Emotional Intelligence and EQ

The Discussion:

  • Identifying emotions
  • Evaluating how others feel
  • Controlling one’s own emotions
  • Perceiving how others feel
  • Using emotions to facilitate social communication
  • Relating to others

Origins:

Emnotional Intelligence Aspects :

  • Recognize, understand and manage our own emotions and;
  • Recognize, understand and influence the emotions of others.

The Bar-On model of Emotional-Social Intelligence (ESI)

  1. Self-awareness
    Self-awareness means always knowing what you feel and what your feelings mean.

Modified Bar On Model — Multi- Health

Goleman’s model is 2x2:

The Pyramid of Emotional Intelligence (Net Media Lab)

  • I am good at clearly communicating my thoughts and feelings.
  • I listen carefully when other people talk.
  • I take initiative and am highly motivated, even when I don’t feel like doing something
  • When I am under pressure, I am able to think clearly and stay focused.
  • I am generally guided by my goals and values rather than the goals and values of others.
  • I recognize when I am feeling stressed, and I have go-to ways to calm myself down.*
  • I recognize when I am feeling angry, and I am able to avoid losing my temper or lashing out.*
  • I am good at seeing things from another person’s viewpoint.
  • I am confident voicing a viewpoint about what is right, even if it is an unpopular opinion.
  • I am good at adapting and mixing with a variety of people.
  • I can tell if a team of people are not getting along with each other
  • When I feel anxious, I usually know the reason(s).
  • I am able to avoid letting stressful situations from work/school affect my personal life.
  • I am good at reconciling differences with other people.
  • I am aware of my personal strengths and limitations.
  • If I am not skilled at something yet, I stay positive and work even harder.
  • I try to understand how other people feel and think.
  • I work very well with a group or team.
  • I achieve a healthy balance of getting work/tasks done while also prioritizing relationships.
  • I am comfortable owning my mistakes.

Strongest Applications in:

  • Giving and receiving feedback, coaching & motivating others
  • Meeting tight deadlines
  • Dealing with challenging relationships or resolving conflicts
  • Not having enough resources
  • Navigating change and building culture
  • Working through setbacks and failure, providing psychological safety
  • Having uncomfortable conversations without hurting feelings
  • Managing our emotions when stressed or feeling overwhelmed
  • Improving relationships with the people we care about

Emotional Intelligence Skills Inventory:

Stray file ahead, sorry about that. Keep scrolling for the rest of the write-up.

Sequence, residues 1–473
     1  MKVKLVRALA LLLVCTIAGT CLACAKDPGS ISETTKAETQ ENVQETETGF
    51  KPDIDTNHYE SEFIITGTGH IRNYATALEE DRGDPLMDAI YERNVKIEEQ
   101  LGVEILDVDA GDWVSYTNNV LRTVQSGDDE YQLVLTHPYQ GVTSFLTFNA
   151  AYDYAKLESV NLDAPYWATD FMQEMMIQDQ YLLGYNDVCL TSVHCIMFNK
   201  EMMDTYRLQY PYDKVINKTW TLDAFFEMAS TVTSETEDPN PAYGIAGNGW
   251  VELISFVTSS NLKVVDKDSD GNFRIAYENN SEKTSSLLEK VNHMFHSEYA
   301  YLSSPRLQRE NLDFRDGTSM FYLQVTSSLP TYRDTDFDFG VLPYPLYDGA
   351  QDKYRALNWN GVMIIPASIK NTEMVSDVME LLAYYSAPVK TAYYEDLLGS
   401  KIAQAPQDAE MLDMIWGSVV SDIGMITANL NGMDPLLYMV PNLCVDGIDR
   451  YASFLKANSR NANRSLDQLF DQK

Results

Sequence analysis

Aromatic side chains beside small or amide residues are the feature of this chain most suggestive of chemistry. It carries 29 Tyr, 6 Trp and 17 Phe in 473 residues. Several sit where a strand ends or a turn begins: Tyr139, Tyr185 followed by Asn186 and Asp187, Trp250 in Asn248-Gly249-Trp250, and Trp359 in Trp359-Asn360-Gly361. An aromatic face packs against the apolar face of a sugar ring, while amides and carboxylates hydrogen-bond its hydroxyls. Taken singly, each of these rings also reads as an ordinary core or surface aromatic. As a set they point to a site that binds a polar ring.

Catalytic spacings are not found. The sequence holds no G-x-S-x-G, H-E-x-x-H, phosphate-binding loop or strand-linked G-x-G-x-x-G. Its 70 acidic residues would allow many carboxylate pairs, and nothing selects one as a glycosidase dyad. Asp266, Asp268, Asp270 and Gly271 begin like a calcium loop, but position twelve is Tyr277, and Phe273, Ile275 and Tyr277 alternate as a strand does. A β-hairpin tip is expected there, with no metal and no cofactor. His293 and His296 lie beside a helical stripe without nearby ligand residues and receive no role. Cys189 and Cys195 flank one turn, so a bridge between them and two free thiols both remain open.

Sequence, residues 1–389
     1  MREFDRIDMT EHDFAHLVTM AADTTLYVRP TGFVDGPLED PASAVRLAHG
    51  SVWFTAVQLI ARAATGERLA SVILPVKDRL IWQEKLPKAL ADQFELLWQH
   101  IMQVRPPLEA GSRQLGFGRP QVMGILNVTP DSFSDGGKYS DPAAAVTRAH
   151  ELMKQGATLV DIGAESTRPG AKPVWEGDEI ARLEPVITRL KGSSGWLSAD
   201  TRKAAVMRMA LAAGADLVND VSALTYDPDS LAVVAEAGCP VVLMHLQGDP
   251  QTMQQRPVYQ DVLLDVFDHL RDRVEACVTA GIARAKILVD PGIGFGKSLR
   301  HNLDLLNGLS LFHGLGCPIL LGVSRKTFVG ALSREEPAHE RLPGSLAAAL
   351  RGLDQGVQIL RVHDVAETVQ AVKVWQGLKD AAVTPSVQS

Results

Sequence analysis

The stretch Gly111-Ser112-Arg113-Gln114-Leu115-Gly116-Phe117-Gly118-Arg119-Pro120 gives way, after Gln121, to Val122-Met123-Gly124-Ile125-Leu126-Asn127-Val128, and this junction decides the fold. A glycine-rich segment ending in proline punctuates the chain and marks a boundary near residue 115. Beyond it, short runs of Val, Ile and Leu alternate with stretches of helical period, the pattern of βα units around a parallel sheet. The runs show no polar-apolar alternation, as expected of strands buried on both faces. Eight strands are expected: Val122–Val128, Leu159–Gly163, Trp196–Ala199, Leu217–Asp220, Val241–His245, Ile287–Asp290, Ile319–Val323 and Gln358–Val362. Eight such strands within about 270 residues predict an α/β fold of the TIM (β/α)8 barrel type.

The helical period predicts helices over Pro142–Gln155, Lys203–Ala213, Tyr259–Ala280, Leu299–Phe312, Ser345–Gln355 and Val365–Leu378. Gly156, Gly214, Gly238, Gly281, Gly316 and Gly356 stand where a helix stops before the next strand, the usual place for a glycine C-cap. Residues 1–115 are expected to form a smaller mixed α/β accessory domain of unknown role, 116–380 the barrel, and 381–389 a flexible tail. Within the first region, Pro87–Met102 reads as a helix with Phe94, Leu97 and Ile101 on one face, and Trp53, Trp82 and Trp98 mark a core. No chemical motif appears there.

40+ Emotional Intelligence Sub-Skills Source: CareerCliff

Top Emotional Intelligence Quotes:

Top Emotional Intelligence Stats

  • Successful leadership — Harvard Business Review reported that 80% of competencies that differentiate top performers from others are in the domain of Emotional Intelligence.
  • Performance — 90% of top performers have above average emotional intelligence.
  • Allocation — Emotional Intelligence is responsible for 58% of job performance.
  • Usage — 75% of the Fortune 500 use emotional intelligence training.
  • Compensation Advantages — emotionally intelligent people earn $29,000 more on an average
  • Primacy — ranked #1 on a set of 33 leadership skills (Talent Smart)

Some Burning Questions:

  • Is EQ/EI correlated to high performance?
  • In a world of technology, how does EQ matter? Is it improving or disintegrating our EQ/EI? Are they inverse in relationship?
  • Is EQ/EI enforcing great skillsets or building conformity?
  • Can you game emotional intelligence?

Top Debates in Design Thinking:

  • Has EQ more important than IQ?
  • Is EI truly an intelligence?
  • Is EI tangibly better than Jung’s Big Five Personality Traits
  • Can EQ/EI be learned and strengthened, or is it inate?
  • Are women better than men at EI?

Benefits of Emotional Intelligence

  • Better social relations
  • Perceived better by others
  • More academic achievement
  • Better negotiation skills
  • Better well being, satisfaction, self-esteems, and strong healthg and well-being
  • Self-actualization

Critiques of Emotional Intelligence:

  • Is it truly measuring and intelligence or behavior?
  • Does the tests or priniples have predictive power?
  • Is there a self-claimed positivity bias on many of the tests?
  • Can emotional intelligence be used to manipulate?
  • Does EI/EQ simply measure comformity?
  • Are there certain traits like neuroticism and extra version that drive the final EI/EQ results?

Leading Resources — Top Books:

Top Emotional Intelligence Courses Online

Top Thinkers in Emotional Intelligence:

White Paper on Emotional Intelligence in the Workplace

Top Podcasts on Emotional Intelligence:

How to Assess Your Emotional Intelligence

17 Ways To Assess EI/EQ https://positivepsychology.com/emotional-intelligence-tests/

How to Improve Your Emotional Intelligence

What’s Next:

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